There are decisive grounds for holding that we need to bring about a revolution in philosophy, a revolution in science, and then put the two together again to create a modern version of natural philosophy.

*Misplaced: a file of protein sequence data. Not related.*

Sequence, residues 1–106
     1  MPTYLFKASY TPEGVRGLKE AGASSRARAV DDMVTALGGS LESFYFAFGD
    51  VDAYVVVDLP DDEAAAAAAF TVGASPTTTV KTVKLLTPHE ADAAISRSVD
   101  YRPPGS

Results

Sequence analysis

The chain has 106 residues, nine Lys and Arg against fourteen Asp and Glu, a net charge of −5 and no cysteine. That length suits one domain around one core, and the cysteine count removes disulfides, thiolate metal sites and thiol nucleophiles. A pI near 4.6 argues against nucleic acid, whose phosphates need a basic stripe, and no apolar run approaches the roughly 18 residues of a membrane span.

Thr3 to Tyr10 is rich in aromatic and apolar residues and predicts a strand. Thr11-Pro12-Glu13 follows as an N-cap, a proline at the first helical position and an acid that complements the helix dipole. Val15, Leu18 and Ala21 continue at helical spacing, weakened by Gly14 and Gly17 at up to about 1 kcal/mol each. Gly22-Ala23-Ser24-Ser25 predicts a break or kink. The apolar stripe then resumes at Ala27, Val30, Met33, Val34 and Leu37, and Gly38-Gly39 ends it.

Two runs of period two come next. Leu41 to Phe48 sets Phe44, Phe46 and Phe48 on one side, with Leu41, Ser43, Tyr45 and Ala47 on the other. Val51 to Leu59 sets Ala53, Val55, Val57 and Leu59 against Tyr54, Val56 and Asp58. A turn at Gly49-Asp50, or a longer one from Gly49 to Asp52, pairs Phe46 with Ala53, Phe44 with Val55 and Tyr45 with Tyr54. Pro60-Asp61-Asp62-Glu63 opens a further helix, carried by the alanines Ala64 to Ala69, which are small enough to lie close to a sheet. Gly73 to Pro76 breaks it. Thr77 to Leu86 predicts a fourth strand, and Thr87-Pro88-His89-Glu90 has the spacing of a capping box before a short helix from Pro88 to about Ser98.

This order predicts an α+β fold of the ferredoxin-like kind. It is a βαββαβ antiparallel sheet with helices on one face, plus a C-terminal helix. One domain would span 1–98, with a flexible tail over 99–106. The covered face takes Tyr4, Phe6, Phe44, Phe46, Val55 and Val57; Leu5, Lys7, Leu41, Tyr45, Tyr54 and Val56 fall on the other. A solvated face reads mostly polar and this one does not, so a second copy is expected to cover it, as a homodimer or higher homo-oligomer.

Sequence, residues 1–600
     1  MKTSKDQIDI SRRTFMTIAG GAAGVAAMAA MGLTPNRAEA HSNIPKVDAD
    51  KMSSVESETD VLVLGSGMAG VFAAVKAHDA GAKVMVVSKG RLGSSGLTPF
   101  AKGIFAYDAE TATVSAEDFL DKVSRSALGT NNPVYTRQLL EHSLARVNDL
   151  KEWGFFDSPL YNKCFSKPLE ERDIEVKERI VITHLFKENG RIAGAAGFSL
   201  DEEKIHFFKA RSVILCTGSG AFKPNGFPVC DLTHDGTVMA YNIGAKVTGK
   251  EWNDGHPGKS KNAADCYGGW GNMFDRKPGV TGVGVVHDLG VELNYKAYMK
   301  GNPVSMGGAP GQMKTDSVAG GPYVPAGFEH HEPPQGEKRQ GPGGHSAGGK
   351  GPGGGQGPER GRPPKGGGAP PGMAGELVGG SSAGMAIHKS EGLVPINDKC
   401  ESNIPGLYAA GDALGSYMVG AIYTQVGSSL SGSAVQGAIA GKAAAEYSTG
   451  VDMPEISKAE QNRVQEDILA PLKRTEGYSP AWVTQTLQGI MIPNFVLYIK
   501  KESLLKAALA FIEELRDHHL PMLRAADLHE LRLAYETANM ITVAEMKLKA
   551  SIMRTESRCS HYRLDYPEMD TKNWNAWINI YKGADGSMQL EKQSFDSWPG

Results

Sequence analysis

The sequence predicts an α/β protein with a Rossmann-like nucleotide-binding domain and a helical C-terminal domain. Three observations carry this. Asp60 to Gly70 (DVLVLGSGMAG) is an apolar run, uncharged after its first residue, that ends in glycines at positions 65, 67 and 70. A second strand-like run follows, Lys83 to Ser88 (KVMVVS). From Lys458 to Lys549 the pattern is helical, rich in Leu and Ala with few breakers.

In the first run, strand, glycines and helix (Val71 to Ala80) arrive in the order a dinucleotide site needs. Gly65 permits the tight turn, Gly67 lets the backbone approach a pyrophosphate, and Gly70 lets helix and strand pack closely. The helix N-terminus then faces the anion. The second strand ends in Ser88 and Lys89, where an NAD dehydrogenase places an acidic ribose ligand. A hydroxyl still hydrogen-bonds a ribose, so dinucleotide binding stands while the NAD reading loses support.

Once upon a time, it was not just that philosophy was a part of science; rather, science was a branch of philosophy. We need to remember that modern science began as natural philosophy—a development of philosophy, an admixture of philosophy and science. Today, we think of Galileo, Johannes Kepler, William Harvey, Robert Boyle, Christiaan Huygens, Robert Hooke, Edmond Halley and, of course, Isaac Newton as trailblazing scientists, while we think of Francis Bacon, René Descartes, Thomas Hobbes, John Locke, Baruch Spinoza and Gottfried Leibniz as philosophers. That division is, however, something we impose on the past. It is profoundly anachronistic.